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Page last updated at 14:52 GMT, Wednesday, 18 August 2010 15:52 UK
Madam Wen exhibition in Rhosneigr's threatened library
WD Owen, courtesy of the Sara Richards collection
WD Owen's sister was a maid to Florence Nightingale

Villagers fighting to keep a library open have enlisted Madam Wen, a 17th Century pirate and smuggler, to help.

An exhibition on this classic Welsh story, based on a real local character, is being held in Rhosneigr library.

It aims to highlight the community role of the library, which could close as part of £10m budget cuts on Anglesey.

Mandi Abrahams of the Friends of Rhosneigr Library said: "We have huge support for our campaign to keep the library open."

She added: "Lots of people have volunteered to steward this exhibition which tells a story that's very special to people all over Anglesey."

The Madam Wen story began as a serialisation in Welsh language weekly newspaper Y Genedl Gymreig in 1914.

It was written by Rhosneigr solicitor WD Owen who went on to turn it into a book, published in 1925, just two weeks before he died at the age of 51.

Mandi Abrahams, who lives in the house where Owen died, not far from the library, explained: "Madam Wen is a character based on a historical figure. It's a very romantic story.

"Historian Maldwyn Thomas did the research into who she actually was and he found a lady called Margaret Williams who had married into a squire's family and was a Madam Wen-type figure.

"There's always been a story about this lady smuggler captain or lady pirate in the area who had her hideout in Llanfairyneubwll.

Madam Wen's cave
A film of Madam Wen was shown by S4C in 1984

"There's a cave she's supposed to have hidden all her loot in. She seemed to be able to control the local ruffians to work for her.

"It was the time when the Jacobites were trying to mount an invasion of England. So there was pirate traffic between France and Ireland for the Catholic cause, smuggling goods and raising money to mount an invasion."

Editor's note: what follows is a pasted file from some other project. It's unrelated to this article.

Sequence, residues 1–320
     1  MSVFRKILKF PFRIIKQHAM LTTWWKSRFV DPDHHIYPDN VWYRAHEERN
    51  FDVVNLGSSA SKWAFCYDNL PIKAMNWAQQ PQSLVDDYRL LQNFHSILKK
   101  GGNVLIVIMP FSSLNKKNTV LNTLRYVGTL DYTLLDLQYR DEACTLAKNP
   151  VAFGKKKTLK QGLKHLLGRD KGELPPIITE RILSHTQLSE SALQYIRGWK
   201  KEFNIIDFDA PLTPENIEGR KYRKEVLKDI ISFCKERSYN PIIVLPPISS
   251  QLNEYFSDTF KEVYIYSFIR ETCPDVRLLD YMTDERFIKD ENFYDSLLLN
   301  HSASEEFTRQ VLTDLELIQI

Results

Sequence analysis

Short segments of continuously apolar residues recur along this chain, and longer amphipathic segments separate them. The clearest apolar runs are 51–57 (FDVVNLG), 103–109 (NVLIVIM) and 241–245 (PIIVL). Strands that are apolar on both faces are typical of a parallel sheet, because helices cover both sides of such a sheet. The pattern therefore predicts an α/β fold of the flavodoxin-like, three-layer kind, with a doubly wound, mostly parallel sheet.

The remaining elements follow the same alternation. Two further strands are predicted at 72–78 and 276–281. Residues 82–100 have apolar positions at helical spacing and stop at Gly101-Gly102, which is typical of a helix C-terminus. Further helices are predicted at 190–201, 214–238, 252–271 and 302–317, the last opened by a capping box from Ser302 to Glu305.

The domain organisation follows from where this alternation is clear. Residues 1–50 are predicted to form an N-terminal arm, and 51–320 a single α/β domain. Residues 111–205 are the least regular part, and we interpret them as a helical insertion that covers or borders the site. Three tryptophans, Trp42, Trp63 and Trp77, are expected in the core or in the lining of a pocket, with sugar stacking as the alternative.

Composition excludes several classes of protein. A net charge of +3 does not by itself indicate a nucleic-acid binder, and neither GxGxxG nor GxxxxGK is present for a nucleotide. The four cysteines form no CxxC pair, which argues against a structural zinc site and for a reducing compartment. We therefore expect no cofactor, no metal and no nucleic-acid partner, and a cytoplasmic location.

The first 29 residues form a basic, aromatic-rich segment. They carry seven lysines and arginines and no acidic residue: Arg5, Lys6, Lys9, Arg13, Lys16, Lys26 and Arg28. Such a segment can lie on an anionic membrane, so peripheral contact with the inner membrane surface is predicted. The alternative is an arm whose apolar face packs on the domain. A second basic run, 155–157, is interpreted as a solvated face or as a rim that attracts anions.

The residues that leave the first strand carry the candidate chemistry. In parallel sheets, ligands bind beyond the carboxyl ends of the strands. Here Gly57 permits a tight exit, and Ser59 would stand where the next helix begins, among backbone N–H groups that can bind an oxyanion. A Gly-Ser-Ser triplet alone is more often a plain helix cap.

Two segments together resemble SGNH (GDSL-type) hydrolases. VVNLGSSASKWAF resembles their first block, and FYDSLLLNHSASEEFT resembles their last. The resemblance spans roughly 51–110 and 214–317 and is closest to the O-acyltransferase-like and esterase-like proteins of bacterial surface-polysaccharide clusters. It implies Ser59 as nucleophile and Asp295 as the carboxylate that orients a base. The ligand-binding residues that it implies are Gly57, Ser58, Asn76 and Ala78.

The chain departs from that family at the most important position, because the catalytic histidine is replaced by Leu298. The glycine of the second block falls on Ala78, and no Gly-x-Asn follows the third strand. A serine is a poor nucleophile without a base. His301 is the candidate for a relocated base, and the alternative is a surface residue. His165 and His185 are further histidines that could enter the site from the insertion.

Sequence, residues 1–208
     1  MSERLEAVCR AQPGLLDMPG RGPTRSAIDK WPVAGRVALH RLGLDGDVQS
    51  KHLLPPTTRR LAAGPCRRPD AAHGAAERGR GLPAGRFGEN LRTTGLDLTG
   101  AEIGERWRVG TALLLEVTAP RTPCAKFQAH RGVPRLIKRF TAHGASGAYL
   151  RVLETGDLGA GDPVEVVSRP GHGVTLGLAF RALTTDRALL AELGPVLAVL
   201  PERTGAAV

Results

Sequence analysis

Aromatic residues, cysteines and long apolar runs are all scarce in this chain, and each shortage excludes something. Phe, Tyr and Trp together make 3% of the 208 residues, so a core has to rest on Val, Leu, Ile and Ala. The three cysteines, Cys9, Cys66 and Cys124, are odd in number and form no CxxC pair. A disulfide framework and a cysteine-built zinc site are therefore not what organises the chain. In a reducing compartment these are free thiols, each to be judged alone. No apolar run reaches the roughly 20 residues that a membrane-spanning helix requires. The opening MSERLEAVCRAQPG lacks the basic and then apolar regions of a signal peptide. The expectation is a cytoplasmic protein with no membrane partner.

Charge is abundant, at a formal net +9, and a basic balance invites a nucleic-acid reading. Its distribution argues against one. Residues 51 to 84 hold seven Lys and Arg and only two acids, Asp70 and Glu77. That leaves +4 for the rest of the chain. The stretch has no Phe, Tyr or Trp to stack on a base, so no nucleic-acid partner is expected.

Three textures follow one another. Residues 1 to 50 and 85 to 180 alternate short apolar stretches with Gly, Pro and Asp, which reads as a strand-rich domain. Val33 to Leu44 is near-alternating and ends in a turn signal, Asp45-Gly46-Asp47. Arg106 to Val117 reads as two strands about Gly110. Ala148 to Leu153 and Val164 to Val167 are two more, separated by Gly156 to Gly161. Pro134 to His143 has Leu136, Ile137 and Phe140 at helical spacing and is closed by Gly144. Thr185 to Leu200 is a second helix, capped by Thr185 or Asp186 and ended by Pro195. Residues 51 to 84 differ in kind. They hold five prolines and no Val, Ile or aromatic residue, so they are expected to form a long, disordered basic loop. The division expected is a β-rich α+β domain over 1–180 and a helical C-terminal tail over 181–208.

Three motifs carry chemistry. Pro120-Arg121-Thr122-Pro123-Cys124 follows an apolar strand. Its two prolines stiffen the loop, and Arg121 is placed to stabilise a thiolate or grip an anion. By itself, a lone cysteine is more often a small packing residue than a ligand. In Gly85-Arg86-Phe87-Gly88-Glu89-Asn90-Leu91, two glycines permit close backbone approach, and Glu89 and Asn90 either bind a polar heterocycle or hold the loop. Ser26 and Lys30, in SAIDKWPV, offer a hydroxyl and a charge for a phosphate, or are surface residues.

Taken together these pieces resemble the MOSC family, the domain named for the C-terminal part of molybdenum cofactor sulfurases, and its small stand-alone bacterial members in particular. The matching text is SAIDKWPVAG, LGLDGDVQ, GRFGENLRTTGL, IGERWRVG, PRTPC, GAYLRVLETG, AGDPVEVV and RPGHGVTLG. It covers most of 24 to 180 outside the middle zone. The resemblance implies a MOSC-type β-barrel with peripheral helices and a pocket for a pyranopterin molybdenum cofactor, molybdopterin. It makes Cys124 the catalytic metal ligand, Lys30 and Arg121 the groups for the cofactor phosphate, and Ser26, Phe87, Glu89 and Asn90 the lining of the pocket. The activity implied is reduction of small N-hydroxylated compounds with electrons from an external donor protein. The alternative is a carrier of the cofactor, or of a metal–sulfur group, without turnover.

Madam Wen has been read by Welsh children for generations and an English version has recently been published by regular Rhosneigr visitor Tim Hale in his book, The Rhosneigr Romanticist.

Tim has created displays for the exhibition which tell the story of WD Owen, his family and business, as well as Madam Wen and the sites associated with her, and another section on Rhosneigr in the early 20th century.

Anglesey Council is considering closing the library as part of a programme of £10m spending cuts.

Council leaders. launching the Looking to the Future document back in January, warned of "tough decisions" over the next three years to deal with "unprecedented budget cuts".

Mandi said the Friends of Rhosneigr Library was formed when the threat of closure was first raised.

"People here were absolutely disgusted and horrified because it's a very busy library in lots of ways, not just for people borrowing books and kids doing their homework, but also as a community centre," she said.

They decided to hold the exhibition specifically to highlight the library's role in the community and its potential for a variety of uses.

The exhibition runs until 4 September. It is open every day from 10am to 4pm including Bank Holiday Monday, 12-4pm on Sundays.





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